Dr. Tirumalasetty is a fellow of the American Academy of Allergy, Asthma & Immunology and the American College of Allergy, Asthma & Immunology. She is a member of several professional organizations, including the European Academy of Allergy & Clinical Immunology; World Allergy Organization; Western Society of Allergy, Asthma & Immunology; American Thoracic Society; and California Society of Allergy, Asthma and Immunology.

  • Helena Turton

    Helena Turton

    Postdoctoral Scholar, Pulmonary and Critical Care Medicine

    BioHelena is a Postdoctoral Research Scholar in Professor Edda Spiekerkoetter's laboratory in the School of Medicine. Her main focus is investigating right ventricular adaption and maladaptation in response to an increased afterload. She is also interested in left and right ventricular interdependence in pulmonary arterial hypertension (PAH) . Helena completed her PhD in Pulmonary Vascular Biology under the supervision of Dr Roger Thompson, Professor Allan Lawrie, and Professor Sheila Francis at the University of Sheffield, UK. Her research focus also includes the investigation of dsRNA signalling in pulmonary vascular remodelling in PAH and pulmonary veno-occlusive disease (PVOD).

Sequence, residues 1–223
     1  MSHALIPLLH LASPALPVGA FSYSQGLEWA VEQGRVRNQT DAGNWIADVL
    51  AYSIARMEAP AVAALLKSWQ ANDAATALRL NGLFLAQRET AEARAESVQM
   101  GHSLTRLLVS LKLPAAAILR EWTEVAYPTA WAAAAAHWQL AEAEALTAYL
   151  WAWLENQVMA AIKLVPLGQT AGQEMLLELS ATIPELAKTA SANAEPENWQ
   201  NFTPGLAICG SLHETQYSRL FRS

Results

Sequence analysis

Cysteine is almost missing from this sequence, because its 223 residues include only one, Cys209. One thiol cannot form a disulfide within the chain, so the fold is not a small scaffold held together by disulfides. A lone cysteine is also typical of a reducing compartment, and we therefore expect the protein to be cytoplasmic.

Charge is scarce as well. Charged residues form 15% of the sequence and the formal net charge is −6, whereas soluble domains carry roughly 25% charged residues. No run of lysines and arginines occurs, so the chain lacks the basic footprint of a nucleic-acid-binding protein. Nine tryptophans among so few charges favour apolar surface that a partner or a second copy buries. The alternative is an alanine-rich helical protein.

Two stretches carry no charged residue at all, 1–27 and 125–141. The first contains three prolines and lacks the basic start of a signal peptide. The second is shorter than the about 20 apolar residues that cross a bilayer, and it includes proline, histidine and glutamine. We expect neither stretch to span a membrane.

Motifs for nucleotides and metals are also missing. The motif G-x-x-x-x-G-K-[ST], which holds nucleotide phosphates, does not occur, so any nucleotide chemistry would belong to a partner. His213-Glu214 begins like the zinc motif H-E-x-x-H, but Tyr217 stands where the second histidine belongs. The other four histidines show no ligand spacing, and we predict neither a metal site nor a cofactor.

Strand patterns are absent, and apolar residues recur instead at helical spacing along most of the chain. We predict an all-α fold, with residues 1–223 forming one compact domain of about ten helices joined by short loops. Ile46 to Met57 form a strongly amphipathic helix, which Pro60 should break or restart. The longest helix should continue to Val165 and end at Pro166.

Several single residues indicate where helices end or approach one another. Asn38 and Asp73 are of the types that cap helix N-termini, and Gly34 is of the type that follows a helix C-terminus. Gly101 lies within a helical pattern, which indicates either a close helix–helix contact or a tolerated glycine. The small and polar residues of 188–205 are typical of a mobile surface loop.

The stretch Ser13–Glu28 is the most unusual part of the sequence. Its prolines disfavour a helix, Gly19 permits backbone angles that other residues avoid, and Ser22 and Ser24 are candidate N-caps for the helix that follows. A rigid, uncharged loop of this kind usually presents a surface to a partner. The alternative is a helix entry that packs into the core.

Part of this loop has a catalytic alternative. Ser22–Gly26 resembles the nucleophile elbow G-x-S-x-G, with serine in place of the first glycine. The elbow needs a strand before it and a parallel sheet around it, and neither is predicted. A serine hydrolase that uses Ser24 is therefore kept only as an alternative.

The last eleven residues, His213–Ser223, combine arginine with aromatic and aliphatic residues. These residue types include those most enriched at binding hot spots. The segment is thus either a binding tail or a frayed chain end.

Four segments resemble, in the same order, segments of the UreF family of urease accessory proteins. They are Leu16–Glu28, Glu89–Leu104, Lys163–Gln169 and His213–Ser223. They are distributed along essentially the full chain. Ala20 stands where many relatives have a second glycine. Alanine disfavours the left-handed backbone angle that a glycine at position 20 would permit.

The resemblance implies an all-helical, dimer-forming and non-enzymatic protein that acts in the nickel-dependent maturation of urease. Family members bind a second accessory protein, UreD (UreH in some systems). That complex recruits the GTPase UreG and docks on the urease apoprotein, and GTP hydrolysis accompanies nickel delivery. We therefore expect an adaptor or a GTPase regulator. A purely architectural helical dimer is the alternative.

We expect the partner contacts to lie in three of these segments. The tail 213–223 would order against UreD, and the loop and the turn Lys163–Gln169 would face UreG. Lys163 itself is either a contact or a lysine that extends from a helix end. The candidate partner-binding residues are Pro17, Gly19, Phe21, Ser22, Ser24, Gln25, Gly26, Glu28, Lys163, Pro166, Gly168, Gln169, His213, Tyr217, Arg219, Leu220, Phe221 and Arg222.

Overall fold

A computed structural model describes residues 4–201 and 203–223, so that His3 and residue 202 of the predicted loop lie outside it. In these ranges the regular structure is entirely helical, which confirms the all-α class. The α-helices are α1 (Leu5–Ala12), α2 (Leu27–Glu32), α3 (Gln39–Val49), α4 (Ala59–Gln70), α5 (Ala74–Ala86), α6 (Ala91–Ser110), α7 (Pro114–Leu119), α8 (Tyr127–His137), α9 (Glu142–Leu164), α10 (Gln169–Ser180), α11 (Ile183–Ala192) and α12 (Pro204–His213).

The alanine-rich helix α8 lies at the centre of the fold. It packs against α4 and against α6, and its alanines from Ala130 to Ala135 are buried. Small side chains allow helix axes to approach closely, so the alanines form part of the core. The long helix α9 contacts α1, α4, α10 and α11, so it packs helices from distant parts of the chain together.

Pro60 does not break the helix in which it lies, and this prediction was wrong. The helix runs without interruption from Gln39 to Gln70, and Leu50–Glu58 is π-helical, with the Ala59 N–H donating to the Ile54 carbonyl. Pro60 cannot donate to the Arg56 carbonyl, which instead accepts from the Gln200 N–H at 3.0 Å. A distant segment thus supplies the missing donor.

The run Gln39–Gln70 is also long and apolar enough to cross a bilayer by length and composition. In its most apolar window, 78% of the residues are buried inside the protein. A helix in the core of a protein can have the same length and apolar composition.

• Ann Weinacker

    Ann Weinacker

    Professor of Medicine (Pulmonary and Critical Care)

    Current Research and Scholarly InterestsDr. Weinacker's research interests center around ICU outcomes. Her specific interests include primary graft dysfunction in lung transplant recipients.

  • Jennifer Williams

    Jennifer Williams

    Clinical Assistant Professor, Medicine - Pulmonary, Allergy & Critical Care Medicine

    BioDr. Williams is a fellowship-trained pulmonologist specializing in pulmonary critical care medicine. She has board certification in pulmonary medicine, critical care medicine, and internal medicine.

    She is a clinical assistant professor in the Department of Medicine, Division of Pulmonary, Allergy & Critical Care Medicine at Stanford University School of Medicine.